You're assertion that Saying otherwise is religion its about the furthest thing from the truth. Religion is an idea which is based on the concept of God (or gods). That certainly has nothing to do with science.

The following statement was originally drafted by the Panel on Public Affairs (POPA) of the American Physical Society, in an attempt to meet the perceived need for a very short statement that would differentiate science from pseudoscience. Am. J. Phys. 67 (8), August 1999. The question being answered is What is Science? The answer given by the American Physical Society is as follows
Science is the systematic enterprise of gathering knowledge about the world and organizing and condensing that knowledge into testable laws and theories. The success and credibility of science is anchored in the willingness of scientists to:

(1) expose their ideas and results to independent testing and replication by other scientists; this requires the complete and open exchange of data, procedures and materials;

(2) abandon or modify accepted conclusions when confronted with more complete or reliable experimental evidence.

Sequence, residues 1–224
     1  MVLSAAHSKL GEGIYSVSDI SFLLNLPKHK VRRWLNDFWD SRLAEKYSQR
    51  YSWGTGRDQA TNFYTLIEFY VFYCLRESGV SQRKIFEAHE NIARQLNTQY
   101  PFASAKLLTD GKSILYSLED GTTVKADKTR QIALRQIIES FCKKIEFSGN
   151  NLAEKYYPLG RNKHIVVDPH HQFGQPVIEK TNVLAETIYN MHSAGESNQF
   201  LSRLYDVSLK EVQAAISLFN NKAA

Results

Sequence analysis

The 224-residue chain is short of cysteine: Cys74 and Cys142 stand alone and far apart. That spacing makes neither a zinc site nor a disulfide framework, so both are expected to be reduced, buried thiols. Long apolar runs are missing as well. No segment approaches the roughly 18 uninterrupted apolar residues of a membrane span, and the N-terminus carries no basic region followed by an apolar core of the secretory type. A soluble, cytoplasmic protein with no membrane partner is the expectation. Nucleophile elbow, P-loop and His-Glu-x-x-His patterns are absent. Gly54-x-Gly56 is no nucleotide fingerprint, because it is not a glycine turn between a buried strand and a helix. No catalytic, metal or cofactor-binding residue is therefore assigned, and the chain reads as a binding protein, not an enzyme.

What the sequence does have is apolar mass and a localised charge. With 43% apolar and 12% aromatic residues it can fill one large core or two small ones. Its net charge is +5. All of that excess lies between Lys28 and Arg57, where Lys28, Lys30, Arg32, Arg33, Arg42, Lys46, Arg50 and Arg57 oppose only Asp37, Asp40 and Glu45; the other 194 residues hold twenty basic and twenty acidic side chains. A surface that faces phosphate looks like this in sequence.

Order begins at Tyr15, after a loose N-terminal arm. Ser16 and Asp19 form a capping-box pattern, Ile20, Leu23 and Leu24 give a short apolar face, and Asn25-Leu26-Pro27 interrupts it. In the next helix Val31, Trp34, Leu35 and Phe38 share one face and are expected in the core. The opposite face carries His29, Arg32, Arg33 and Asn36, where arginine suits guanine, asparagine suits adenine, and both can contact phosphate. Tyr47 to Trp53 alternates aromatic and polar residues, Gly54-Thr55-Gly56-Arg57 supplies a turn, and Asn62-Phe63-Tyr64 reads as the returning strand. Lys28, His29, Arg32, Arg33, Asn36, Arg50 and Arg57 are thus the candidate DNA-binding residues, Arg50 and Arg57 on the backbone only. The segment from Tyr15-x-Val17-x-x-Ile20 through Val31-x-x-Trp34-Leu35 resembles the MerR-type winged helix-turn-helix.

Therefore Laws (aka postulates aka axioms etc.) are part of science in the most strictest sense of the term.
Breaking conservation of energy leads to breaking conservation of mass and that is where things get out of hand. Outside of that, I can't see why not.
Incorrect. Conservation of mass is a theorem which can be derived from the principle of relativity and the law of conservation of 3-momentum (which is postulated to hold in all inertial frames of reference). That's not too hard to prove either. Would you like to see the derivation?

Pete

You can prove things inductively in maths, not in measurement. For as long as we have measured properly, the conservation of energy principle has not been broken. We are assuming that it will continue to do so. We are in fact saying a similar thing here though, I'm just weary of using the word proof outside of mathematics.

How do you mean?
Mass is energy.

What you and I can both agree on though, is that it is reality (i.e. What we can measure), that beats paper and pencil.
The topic of mass-energy conversion is currently being discussed in another thread. If you'd like to review it then you can find it at